aural thoughts

aural scéance

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The room is almost completely dark, lit only by a projector screen and some fairy lights I have placed on the currently empty table. I breath slowly, trying to look calm and collected. I go over everything once more in my mind. Performance. Presentation. Participants discussion. The first person walks through the door, I smile and ask them to sit down anywhere, anywhere they like around the table.


No turning back now- let the séance begin.



Points of Listening is a monthly programme of experimental workshops centred on and around practices of listening, together.  “It is an expanded and nomadic arena for practice and research that facilitates experimental scenarios with a participatory and performative emphasis.” ) It is co-convened by Salomé Voegelin and Mark Peter Wright in association with CRISAP, University of the Arts, London.

For my Points of Listening session, I have proposed to perform a live piece of art, newly created, called ‘Aural Séance’ with a post-performance presentation and discussion. The work is part of my current practice based PhD in sound art at UAL.  My research degree investigates ‘inner sounds’ – sounds we hear as part of our inner worlds of thoughts, emotions and desires. It aims to call those sounds forward, to focus our attention on them, as well as define what they are and what they mean to us.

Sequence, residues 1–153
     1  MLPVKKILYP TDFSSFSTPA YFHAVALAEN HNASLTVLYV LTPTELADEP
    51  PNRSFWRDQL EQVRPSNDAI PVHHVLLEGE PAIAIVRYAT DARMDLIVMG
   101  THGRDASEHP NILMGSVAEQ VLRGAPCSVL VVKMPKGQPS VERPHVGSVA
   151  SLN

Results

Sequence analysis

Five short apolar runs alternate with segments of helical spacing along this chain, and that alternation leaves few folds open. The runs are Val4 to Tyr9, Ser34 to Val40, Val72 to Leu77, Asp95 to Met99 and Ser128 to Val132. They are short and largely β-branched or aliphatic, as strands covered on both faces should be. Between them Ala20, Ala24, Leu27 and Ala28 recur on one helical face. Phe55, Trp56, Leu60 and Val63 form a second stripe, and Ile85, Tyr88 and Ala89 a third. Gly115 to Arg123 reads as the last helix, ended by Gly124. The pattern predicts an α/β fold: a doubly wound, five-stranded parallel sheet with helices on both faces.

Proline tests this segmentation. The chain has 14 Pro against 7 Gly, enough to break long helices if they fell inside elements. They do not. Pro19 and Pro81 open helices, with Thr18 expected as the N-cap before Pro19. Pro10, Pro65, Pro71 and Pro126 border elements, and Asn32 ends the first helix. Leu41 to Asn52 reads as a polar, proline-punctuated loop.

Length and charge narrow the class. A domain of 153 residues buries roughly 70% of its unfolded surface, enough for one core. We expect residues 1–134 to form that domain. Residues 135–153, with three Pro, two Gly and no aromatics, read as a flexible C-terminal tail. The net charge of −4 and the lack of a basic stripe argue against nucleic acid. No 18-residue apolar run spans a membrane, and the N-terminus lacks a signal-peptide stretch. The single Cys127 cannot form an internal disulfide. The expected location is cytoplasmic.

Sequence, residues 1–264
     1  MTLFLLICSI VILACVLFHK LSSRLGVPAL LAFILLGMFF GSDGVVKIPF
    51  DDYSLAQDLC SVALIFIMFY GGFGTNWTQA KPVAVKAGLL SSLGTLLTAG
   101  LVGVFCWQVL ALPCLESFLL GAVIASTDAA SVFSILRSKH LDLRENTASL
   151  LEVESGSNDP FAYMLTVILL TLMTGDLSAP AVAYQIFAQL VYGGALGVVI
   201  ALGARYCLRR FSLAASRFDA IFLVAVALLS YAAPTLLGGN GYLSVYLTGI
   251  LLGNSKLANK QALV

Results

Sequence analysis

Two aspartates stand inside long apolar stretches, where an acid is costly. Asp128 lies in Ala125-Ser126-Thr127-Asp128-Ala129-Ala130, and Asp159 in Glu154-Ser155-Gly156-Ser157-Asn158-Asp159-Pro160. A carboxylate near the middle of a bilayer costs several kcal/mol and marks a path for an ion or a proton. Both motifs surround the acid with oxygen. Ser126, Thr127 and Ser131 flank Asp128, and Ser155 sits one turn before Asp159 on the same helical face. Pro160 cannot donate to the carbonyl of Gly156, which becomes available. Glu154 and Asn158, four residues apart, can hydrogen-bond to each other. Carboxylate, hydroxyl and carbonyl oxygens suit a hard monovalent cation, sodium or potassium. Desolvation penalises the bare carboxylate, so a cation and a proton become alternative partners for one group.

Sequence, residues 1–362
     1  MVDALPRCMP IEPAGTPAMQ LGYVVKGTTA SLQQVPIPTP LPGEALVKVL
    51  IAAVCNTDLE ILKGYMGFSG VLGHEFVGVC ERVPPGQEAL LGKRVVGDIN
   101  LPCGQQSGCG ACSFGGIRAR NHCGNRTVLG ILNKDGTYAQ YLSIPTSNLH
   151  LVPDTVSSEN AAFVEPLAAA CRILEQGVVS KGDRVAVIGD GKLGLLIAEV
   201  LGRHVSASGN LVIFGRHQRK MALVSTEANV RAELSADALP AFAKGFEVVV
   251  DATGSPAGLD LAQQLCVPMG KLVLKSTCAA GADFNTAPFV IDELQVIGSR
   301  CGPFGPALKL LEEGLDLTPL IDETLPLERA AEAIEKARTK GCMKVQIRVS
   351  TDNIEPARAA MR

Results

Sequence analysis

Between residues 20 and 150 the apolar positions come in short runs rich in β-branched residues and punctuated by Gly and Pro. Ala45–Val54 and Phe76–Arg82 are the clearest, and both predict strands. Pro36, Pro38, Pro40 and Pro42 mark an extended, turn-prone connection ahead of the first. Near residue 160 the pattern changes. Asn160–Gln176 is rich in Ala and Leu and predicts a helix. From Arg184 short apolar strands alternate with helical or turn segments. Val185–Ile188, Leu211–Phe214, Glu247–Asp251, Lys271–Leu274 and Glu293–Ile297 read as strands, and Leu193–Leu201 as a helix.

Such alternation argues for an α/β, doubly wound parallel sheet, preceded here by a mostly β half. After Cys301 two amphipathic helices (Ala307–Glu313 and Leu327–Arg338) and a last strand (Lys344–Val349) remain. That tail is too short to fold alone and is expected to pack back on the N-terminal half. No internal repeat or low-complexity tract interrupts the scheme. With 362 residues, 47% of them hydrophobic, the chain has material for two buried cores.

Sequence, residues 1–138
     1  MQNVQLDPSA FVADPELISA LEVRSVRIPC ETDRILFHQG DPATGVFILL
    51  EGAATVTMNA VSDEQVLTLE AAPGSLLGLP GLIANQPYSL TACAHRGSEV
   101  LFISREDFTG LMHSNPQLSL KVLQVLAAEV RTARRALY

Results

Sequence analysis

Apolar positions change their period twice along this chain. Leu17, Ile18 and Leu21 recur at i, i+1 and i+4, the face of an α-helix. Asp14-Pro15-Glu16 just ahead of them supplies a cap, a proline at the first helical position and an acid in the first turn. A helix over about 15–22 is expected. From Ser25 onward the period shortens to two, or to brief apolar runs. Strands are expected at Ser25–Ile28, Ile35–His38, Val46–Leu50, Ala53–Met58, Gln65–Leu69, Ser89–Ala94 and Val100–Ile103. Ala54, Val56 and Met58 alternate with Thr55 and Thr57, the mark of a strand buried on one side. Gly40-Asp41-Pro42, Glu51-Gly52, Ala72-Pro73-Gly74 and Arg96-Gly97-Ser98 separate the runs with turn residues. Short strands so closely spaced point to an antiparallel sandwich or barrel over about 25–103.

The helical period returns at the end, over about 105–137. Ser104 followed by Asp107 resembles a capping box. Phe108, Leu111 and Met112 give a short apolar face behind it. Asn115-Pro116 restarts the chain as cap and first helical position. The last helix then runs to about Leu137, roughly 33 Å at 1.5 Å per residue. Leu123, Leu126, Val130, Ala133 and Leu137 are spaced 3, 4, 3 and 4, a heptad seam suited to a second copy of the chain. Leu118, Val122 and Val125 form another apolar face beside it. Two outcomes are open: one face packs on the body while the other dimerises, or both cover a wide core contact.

The table is full. Mark Peter Wright introduces the session and then it starts. I slowly walk up to the top of the table, look at the participants and start. I tell them how dangerous a séance can be. Tell them to focus, to close their eyes. I start to walk around the table, slowly. I summon the sound of darkness. The sound of fear. The sound of kindness. I keep walking around the table. I make sure they are aware of my presence by lightly touching their shoulder, their hair, their arm. Sometimes I stop, listening with one of them. I talk to them about the sound we are both listening for.


‘Aural Séance’ aims to, first and foremost, to focus our attention towards our capacity for inner listening, inner sounds. Through my research, I have found that – perhaps because we are a culture focused on the visual in many ways, perhaps for other reasons -  people frequently start by telling me they never hear inner sounds, that they don’t exist. I have devised various strategies for focusing your mind ‘sonically’, to listen inwards. Often, those same people who told me that they don’t hear inner sounds will speak to me again, later, maybe hours or days or weeks later, and tell me they DO hear inner sounds, they just never paid attention to them before. ‘Aural Séance’ aims to re-focus the participants attention towards these internal sounds.  

" ‘Aural Séance’ aims to, first and foremost, to focus our attention towards our capacity for inner listening, inner sounds. "